Released within six months of each other, both Charitra and Dhuen Ki Lakeer sank without a trace. The critics weren’t kind to either film. Dhuen Ki Lakeer, the love triangle with a murder angle, was described as ‘uniformly bad from the word “go”’. In the Free Press Journal of 19 May 1974, there was also a mention of Parveen ‘in the most atrocious of outfits and hairstyles’. In Ishara’s film with a social message, however, the reviewers were kinder to the actress. ‘Parveen Babi’s debut is promising,’ said the Free Press Journal in its 11 November 1973 issue. ‘The girl has the makings of a good actress if she can keep her head and not be misled down superstarry alleys.’
Quick learner that she was, Parveen had already picked up the ways of showbiz. She knew that she must ‘always deflect failure’ by adopting the lofty stance that ‘art trumps commerce’, when called upon to explain her association with a flop film and justify her poor performance in it.
‘Charitra was not a commercial film – I knew that from the outset – but I took the role because it had good characterization and people have liked my performance,’ she told Stardust during an interview that was published in the magazine’s September 1974 issue. ‘Dhuen Ki Lakeer was my first signed film. I had a stubborn director who gave me no scope for expression. I had no make-up man. I was forced to wear clothes that didn’t suit me one bit – it was inevitable that the film flopped.’
Parveen and her newly hired secretary Ved Sharma weren’t too worried about the poor performances, because even while she was shooting with [BR] Ishara in Poona, Bollywood was buzzing about her in Bombay. At the screening of Charitra for its potential distributors, the film met with little enthusiasm, but the select audience was bowled over by Ishara’s ‘discovery’. The buzz was that Parveen, not the film, was ‘selling’.
What helped in her campaign for winning over the not- so-easily-pleased Bollywoodwallas was the media, which had already fallen in love with her. Hard-nosed, cynical journalists, who were used to flitting from star homes to movie sets, couldn’t decide what to make of this actress who openly chain-smoked during interviews and didn’t bother to hide her glass of wine at parties. What was most refreshing, however, was the fact that they didn’t have to wade through a sea of obstructive secretaries or bossy, protective star-mothers to interview her. And then there was her fledgling romance with Danny Denzongpa that she was completely unabashed about.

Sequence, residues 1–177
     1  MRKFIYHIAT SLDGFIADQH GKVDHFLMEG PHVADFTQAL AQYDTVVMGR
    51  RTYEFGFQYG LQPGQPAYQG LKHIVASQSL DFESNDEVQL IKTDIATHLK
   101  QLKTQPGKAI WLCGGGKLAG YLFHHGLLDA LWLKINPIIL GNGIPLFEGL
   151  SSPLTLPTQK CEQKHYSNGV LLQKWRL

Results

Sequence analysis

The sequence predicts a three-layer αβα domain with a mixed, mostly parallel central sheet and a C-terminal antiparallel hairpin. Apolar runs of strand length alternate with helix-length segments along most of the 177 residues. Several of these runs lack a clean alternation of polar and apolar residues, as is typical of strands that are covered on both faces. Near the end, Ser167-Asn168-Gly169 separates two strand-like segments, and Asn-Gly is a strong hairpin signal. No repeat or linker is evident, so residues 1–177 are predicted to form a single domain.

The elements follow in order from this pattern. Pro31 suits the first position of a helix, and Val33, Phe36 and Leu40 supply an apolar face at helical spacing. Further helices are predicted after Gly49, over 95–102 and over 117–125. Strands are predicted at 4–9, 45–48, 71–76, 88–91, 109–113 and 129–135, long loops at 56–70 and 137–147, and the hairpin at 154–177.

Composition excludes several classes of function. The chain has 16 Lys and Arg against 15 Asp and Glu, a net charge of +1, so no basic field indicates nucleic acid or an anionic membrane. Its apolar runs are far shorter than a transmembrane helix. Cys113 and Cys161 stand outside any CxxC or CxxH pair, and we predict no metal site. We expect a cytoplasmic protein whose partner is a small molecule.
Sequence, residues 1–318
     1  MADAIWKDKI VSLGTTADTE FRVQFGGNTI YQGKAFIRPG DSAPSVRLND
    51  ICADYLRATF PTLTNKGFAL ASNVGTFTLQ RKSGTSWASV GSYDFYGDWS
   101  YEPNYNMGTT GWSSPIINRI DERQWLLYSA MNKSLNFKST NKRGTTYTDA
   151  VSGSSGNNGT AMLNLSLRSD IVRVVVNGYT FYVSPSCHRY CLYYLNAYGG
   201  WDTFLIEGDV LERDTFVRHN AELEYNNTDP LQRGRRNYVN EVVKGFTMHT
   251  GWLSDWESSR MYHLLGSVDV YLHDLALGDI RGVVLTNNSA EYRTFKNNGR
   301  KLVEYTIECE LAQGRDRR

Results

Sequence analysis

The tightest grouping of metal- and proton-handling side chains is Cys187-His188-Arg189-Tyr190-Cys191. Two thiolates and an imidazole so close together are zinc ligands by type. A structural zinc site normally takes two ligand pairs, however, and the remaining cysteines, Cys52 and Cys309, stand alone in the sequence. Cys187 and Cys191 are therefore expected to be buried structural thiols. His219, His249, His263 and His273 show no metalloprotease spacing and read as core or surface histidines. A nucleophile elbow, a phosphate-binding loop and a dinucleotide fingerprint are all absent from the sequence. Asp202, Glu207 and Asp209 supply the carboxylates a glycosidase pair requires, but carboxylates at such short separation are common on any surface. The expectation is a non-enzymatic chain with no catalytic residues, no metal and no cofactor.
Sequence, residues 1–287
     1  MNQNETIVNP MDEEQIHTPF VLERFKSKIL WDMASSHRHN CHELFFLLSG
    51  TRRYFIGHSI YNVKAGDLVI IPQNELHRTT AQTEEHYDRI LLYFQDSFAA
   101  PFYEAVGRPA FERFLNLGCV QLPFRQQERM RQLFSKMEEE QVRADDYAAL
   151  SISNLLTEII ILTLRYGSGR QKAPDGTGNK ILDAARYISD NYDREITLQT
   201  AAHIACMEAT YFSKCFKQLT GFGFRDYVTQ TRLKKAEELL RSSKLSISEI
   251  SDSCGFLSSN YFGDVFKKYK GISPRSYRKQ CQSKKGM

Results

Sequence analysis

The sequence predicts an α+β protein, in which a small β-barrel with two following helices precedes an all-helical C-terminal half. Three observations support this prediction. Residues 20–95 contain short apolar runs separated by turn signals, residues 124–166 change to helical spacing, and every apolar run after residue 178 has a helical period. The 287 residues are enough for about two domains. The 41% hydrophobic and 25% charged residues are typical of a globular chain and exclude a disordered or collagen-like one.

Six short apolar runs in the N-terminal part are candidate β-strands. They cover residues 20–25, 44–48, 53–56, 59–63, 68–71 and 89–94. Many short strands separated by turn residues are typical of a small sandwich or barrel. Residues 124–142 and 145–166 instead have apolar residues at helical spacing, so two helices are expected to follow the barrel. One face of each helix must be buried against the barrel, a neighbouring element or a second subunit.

Filmfare put Parveen on the cover of its 11 January 1974 issue with Rishi Kapoor, another newcomer who had made waves the previous year with Bobby, his first film as a leading man. The half-page profile began in the following manner: ‘Parveen Babi returned from the shooting at Manali, went to Danny Denzongpa’s flat in Juhu and to bed – with a cold. Danny is very sick with jaundice, by the way. She met us unflinchingly at the flat – all credit to her – and said the recent reports about her marrying Danny weren’t true.’ The magazine did clarify, however, that ‘Parveen doesn’t quite live at Danny’s. She has a place of her own in a cottage where she is a paying guest.’
The media couldn’t get enough of her. They wanted to know everything they could about the long-haired beauty with royal antecedents. Interviewed by Stardust for its February 1974 issue, Parveen was happy to scotch rumours about being a divorcée (‘I’ve not been married, so how can I be a divorcée?’) and talk about everything from drug use (‘Yes, I’ve tried dope’) to pre-marital sex (‘All that talk about virgin brides is bull’) and her smoking habit. It took journalists quite a few years to stop harping on her nicotine addiction. There were even rumours that this was a ‘compulsive attention-getting tactic’, to which her exasperated response in the September 1974 issue of Stardust was as follows: ‘I am not an attention-getter. Nothing I say or do is to attract or distract people. I smoke because it’s a habit with me. I need it badly, something like paan-eaters. For me, smoking is like drinking a glass of water. I can’t be like the others and run to the john every time I want a fag, because then I’d be running there every half-hour.’
Parveen always spoke the truth, even while talking about the profession that would bring her fame and fortune, and her candour succeeded in disarming the most jaded film journalists of the time. In an interview with Bikram Vohra, a much respected journalist from Filmfare, ‘she confesses through a Dunhill smokescreen that nine out of ten Indian films require no talent, no anything, just a pretty face, some deadpan dialogues and a few slippery movements’. Published in the 27 December 1974 issue of the magazine, the interview also carried her startlingly candid observations on her own place in Bollywood’s scheme of things: ‘I’ve earned a lot of money for doing practically nothing… There is hardly any work; it’s very elementary. But the money is terrific; so let’s leave this art for art’s sake business out of it. I am happy as things are.’
While this was an accurate summary of what Bollywood had been demanding of its leading ladies for decades, no one had ever come out with it quite so nonchalantly in public. Parveen’s views on singing and dancing on screen were no less controversial. While shooting for her first few films, she was terribly embarrassed at the idea of singing and dancing around trees. It was only after she saw Zeenat Aman doing the same that she felt less discomfited. Quoted in the September 1976 issue of Stardust, she apparently told herself, ‘If Zeenat can do it, so can I.’
Excerpted with permission from Parveen Babi: A Life, Karishma Upadhyay, Hachette India.